Perspective of Biodiversity with Particular Reference to Cultivation of Oil Crops

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There are regional differences in biodiversity in terms of species and quantity. Land clearing due to development is a major cause of loss of biodiversity and is done for various reasons such as agriculture, infrastructural works and urbanization as examples.  The blame that oil palm cultivation is the primary cause of loss of forest and wildlife habitat, particularly orang utan, is not correct. In Malaysia,  oil palm cultivation forms only 39% of the land that has been cleared while the balance of 61%  cleared land is not used to cultivate oil palm.

 

Apart from agriculture, there are many other contributory factors to loss of biodiversity. They are poaching, introduction of invasive species, climate change and bush fires. The effect of these other factors on biodiversity loss cannot be underestimated. As an example, just one bush fire that took place at Fort McMurray in Alberta, Canada recently, destroyed at least 400,000 hectares of land and caused havoc to the habitat of the caribou and cougars. The land area destroyed by one bushfire here is almost 8% of the total land cleared to plant oil palm in Malaysia over a period of 100 years. It is important to note that the livestock industry uses 82.5% of the world’s total agricultural land while oil palm occupies a mere 0.3%. In reality, therefore, on a global scale the livestock industry is the real culprit of biodiversity loss.

 

The study also found that biodiversity hotspots occur in all regions where the four major oil crops; viz. soya, rapeseed, sunflower and oil palm, are cultivated. It is, thus, not surprising that cultivation of soya, rapeseed and sunflower also have annihilated biodiversity. Between 2010 and 2015, the largest area amounting to 17.3 million ha of new land were planted with soya.  4.4 m ha were planted with oil palm, 3.0 m ha with rapeseed and 0.5 m ha with sunflower.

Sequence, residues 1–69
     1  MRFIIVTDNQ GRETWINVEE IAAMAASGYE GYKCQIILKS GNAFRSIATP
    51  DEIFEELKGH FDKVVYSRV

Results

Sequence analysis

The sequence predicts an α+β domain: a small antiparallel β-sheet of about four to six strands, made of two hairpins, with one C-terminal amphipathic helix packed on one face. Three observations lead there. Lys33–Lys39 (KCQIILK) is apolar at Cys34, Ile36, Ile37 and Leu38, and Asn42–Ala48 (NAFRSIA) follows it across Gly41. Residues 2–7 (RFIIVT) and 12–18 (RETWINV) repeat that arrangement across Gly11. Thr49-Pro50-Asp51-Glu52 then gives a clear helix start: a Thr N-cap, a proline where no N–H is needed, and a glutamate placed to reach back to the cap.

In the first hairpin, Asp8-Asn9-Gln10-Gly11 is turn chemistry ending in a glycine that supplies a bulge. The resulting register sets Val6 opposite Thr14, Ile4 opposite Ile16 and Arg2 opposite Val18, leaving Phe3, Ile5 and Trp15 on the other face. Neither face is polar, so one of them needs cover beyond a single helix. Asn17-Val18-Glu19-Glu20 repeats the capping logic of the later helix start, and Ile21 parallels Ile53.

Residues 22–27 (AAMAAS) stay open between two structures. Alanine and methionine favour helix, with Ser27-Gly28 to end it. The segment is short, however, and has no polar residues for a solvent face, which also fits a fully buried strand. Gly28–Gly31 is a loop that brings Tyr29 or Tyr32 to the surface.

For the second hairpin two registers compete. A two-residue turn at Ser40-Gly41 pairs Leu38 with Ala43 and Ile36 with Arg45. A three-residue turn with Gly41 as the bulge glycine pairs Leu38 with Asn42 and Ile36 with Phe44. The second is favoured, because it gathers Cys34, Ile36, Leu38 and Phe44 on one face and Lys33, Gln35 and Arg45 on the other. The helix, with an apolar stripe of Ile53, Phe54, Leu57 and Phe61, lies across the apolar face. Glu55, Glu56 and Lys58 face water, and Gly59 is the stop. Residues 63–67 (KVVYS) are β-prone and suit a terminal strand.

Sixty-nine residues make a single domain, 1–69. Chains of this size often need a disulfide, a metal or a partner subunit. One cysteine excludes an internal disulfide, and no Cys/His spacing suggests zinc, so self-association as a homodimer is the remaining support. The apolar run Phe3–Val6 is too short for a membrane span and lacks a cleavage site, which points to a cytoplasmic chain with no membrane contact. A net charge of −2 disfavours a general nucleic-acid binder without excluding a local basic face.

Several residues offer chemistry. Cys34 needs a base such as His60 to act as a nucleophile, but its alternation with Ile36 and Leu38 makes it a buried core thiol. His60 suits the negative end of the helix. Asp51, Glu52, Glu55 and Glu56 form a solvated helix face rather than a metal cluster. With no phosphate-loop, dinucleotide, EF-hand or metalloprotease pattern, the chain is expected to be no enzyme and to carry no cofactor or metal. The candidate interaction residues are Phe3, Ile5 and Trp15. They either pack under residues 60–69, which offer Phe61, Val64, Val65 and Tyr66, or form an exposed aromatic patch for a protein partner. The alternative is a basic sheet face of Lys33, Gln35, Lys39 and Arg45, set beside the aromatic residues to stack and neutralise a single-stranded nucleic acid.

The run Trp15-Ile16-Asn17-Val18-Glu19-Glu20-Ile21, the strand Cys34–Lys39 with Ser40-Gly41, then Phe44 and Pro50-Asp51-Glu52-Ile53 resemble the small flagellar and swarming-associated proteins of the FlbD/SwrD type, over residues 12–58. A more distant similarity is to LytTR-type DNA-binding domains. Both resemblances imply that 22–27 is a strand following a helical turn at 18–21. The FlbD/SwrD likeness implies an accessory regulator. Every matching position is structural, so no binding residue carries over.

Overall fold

It was also found that in a comparison of countries that grow the four oil crops mentioned above, oil palm growing countries had the lowest CO2 emission per capita of 3.6MT CO2 per capita and the highest amount of land mass under forest, averaging 57.8%.

 

Land use for cultivation of all four major oils and fats has impacted biodiversity negatively to some extent. Oil palm cannot be blamed to be the worst crop for biodiversity loss. Wrong messaging can stagnate future expansion of oil palm and can hurt food security since palm oil is the leading source of oils and fats in the world.

 

This paper was presented at the “Biodiversity Forum 2016”, with the theme “Human-Wildlife Conflict Mitigation and Action in the Agricultural Sector” jointly organized by Malaysian Palm Oil Council (MPOC) with Department of Wildlife and National Parks, Peninsular Malaysia (PERHILITAN) in Awana Genting Resort on 23rd – 24th May 2016.

 

 

Author: Dr. Yew Foong Kheong (Malaysian Palm Oil Council – MPOC)
SourceMPOC

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